Researchers Say WiFi Vulnerability Impacts Nearly Everything
Researchers say they've found a serious gap in the WPA2 security protocol that can allow hackers to use key reinstallation attacks (KRACKs) to compromise most WiFi devices. The researchers say the method allows hackers to read encrypted information transiting via WiFi, including passwords, emails, photos, credit card numbers, and more. KRACKs can access nearly all WiFi traffic and, depending on the individual network safety configuration, insert code and alter data, such as send malware. The researchers claim the weakness is in the WiFi standard itself, and not in individual products, which is why the vulnerability is so widespread. Devices running Android, iOS, Linux, Windows, macOS, and other platforms are impacted. The U.S. Computer Emergency Readiness Team (US-CERT) agreed with the researchers' assessment and warned, "The impact of exploiting these vulnerabilities includes decryption, packet replay, TCP connection hijacking, HTTP content injection, and others. Note that as protocol-level issues, most or all correct implementations of the standard will be affected." In other words, even if WiFi devices are being used properly, with passwords, they are still vulnerable. Google said it is aware of the issue and will patch the vulnerability in a future security update. The WiFi Alliance has not yet responded to the researcher's revelations.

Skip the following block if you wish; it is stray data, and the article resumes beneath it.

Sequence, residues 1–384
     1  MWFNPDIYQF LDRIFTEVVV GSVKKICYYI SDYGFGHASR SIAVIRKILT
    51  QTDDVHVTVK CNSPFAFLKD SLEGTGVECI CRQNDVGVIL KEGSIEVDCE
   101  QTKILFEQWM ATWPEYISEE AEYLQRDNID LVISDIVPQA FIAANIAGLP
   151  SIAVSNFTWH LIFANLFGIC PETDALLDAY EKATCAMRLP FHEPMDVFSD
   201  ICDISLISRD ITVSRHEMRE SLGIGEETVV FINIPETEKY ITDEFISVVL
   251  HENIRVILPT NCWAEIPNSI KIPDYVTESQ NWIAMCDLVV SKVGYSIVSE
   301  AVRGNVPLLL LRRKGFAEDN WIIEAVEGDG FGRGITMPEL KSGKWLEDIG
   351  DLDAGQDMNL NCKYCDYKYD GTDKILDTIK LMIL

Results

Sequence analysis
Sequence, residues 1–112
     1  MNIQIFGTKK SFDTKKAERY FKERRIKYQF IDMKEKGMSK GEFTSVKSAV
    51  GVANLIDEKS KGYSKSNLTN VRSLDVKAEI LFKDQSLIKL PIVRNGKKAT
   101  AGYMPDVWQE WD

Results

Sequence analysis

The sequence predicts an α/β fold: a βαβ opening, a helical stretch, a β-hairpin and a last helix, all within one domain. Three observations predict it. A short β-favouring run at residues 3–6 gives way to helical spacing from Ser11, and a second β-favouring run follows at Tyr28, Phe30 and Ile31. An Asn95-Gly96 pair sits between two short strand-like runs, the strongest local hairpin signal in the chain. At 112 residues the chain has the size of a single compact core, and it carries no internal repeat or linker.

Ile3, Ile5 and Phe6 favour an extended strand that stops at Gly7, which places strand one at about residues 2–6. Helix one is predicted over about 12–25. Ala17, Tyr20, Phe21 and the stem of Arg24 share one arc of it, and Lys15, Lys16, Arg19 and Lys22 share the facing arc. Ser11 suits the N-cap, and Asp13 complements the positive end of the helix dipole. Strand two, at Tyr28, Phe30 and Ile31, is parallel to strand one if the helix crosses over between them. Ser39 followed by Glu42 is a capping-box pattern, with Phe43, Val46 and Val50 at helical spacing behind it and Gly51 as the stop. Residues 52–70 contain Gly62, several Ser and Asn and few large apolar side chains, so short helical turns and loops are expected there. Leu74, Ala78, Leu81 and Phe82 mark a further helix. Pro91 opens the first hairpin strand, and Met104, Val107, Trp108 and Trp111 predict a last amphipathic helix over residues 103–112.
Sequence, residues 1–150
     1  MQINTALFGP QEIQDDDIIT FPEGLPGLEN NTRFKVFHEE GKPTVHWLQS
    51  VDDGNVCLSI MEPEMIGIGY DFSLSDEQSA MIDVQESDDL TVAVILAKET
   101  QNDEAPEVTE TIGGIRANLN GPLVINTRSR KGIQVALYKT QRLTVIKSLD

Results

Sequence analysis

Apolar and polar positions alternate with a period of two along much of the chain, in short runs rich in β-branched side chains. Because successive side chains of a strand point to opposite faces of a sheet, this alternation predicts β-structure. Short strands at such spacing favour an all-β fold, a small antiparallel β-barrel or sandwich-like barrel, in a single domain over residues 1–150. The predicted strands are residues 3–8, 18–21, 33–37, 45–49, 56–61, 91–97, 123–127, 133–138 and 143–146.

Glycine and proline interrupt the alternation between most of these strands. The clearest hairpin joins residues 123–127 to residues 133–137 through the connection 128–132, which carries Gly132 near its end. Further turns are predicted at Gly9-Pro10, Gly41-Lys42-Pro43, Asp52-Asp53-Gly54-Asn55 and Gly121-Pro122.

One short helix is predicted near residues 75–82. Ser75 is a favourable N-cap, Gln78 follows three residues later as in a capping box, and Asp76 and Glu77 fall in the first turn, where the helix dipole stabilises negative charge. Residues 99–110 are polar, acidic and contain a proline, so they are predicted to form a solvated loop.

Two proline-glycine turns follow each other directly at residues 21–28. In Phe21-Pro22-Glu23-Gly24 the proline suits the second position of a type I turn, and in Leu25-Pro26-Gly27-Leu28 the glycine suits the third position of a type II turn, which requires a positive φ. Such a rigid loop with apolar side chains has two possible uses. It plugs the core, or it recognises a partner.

ChromeOS Gains Support for Linux
May 8, 2018
Pixelbook owners will soon be able to use Linux on their ChromeOS device. Google today announced that Chromebooks will be able to run Linux apps, which will let developers open a window and use their favorite Linux-based tools without leaving ChromeOS.
MacOS Sierra Works Better with iOS and Adds Siri
Jun 13, 2016
Apple says the next version of its desktop operating system, renamed MacOS, will work better with iPhones and iPads. Apple has made improvements to its Continuity feature so its is easier to pass stuff between iPhones and Macs.
Microsoft's 'Send' App is More Messaging than Email
Jul 22, 2015
Microsoft today released a new email application called Send. The idea behind Send, developed by Microsoft Garage, is to let people send quick messages to one another while still harnessing the power of corporate email.
Researchers Suggest Phone Makers Mislead Consumers About Security Patches
Apr 12, 2018
Security Research Labs says Android phone makers often miss security patches but still tell owners the phones are up-to-date. Researchers Karsten Nohl and Jakob Lell examined the code of some 1,200 phones from more than a dozen phone makers for every security patch released during 2017.